Sex Tips for Boring People: Losing a Testicle, Sex Frequency, and Creepily Dating Younger People
Sex Tips for Boring People will take your sex life from vanilla to passion fruit. Or at least from vanilla to vanilla bean. Find more sexy advice right here and be sure to leave your questions in the comments!
What happens to your body after you lose a testicle?
Nothing. No, but seriously. Nothing. I don’t mean to minimize this, as I know for men the idea of losing a testicle means the loss of manhood. (FYI guys: ladies don’t really care whether you have one or two -- not really the area we focus on... but we get why it bothers YOU.) But if you have to have a testicle removed for whatever reason, be it cancer, trauma, or injury, biologically your body will be just fine.
Most of the time, the remaining testicle produces enough testosterone and sperm to compensate for the testicle that has been removed, according to doctors over at the International Society for Sexual Medicine. So worry not! You’ll still be able to hump like the best of them and father all the children you want, should you so choose.
How often do most couples have sex?
This is kind of an impossible target to quantify, since every couple is entirely different, and in today’s day lines of sexual “normalcy” are so blurred. You have heterosexual monogamous couples, heterosexual swingers, bisexual monogamous couples, homosexual monogamous couples... you see where I’m going with this. But for the sake of the argument let’s assume we’re talking about heterosexual, monogamous couples. It’s still a tough question to answer because Bob and Sue might screw like bunnies, while Ted and Alice schedule Monday evening sex.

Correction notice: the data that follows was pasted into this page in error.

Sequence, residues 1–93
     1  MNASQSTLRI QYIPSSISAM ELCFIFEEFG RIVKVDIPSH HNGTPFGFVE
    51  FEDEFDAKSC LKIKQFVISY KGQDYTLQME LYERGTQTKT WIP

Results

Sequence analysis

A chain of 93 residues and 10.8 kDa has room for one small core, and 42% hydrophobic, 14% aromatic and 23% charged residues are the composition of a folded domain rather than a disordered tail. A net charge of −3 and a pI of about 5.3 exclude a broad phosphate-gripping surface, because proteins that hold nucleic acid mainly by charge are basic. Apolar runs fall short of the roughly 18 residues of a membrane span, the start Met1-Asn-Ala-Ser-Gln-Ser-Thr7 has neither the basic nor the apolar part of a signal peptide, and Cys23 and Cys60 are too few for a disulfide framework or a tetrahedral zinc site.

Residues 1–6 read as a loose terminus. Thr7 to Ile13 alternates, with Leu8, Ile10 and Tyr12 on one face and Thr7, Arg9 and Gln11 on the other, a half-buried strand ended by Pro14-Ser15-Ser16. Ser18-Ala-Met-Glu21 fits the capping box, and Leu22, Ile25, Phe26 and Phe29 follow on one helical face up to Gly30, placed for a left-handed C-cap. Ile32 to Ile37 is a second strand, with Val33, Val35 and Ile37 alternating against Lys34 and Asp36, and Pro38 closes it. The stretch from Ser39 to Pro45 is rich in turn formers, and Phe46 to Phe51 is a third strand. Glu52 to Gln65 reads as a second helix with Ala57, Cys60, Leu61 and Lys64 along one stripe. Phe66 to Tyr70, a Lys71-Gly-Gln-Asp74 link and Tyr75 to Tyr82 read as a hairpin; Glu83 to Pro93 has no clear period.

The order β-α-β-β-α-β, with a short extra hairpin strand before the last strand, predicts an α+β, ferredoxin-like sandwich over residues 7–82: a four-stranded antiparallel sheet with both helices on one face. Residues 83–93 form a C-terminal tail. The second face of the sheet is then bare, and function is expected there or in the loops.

The common conception is, obviously, couples who have more sex are happier. I mean, why WOULDN’T endless orgasms be the markings of a successful relationship? But a study conducted by Carnegie Mellon last May says that’s not necessarily so. The study split 64 couples with various sexual frequencies into two groups. Group A kept their sex lives the same, while Group B was instructed to have twice as much sex as usual. By the end of the study, Group B showed a decline in energy and enthusiasm for sex. The bottom line? Couples should have as much sex as feels normal to them, without feeling forced.
So if the root of this question is that you don’t feel you’re having enough sex with your partner, or perhaps the frequency is too much for you, that’s something you should bring up with them. Unfortunately, science can’t help with this one.
What is an acceptable age gap for couples?
While you shouldn’t let society dictate what is or isn’t “normal,” there is definitely a serious ick factor that needs to be taken into consideration when it comes to age gaps. Personally, I am of the belief that if it’s not hurting anyone and it works for you, then embrace it. But if visions of Mary Kay Letourneau dance in your head, that might be cause for concern.
First and foremost, all participants should be of legal age. But hopefully that’s a given. Generally speaking, if you partner is old enough to have given birth to you, that’s probably too wide of a gap -- but it all depends on what age you are when you meet and fall in love. A 40-year-old with a 60-year-old is way less off-putting than an 18-year-old and a 38-year-old.
"Age will always stir the pot in terms of interest," says Dr. Judy Scheel, PhD, LCSW, author, and national speaker. "It’s hard not to assign a value to age. With that said, people are motivated by different things when they fall in love. Whenever there is a subordinate role, or a role where the intent on either party is to use the other person in some way, take advantage of them, or put them in a victimized role, that is a red flag. Generally if the age of one partner is 21 or younger and the other partner is more than 10 years older, that is suspect."
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Meagan Drillinger is a contributing writer for Thrillist. All of her dates are tax deductible. Follow her on Twitter, Instagram, and Facebook at @drillinjourneys.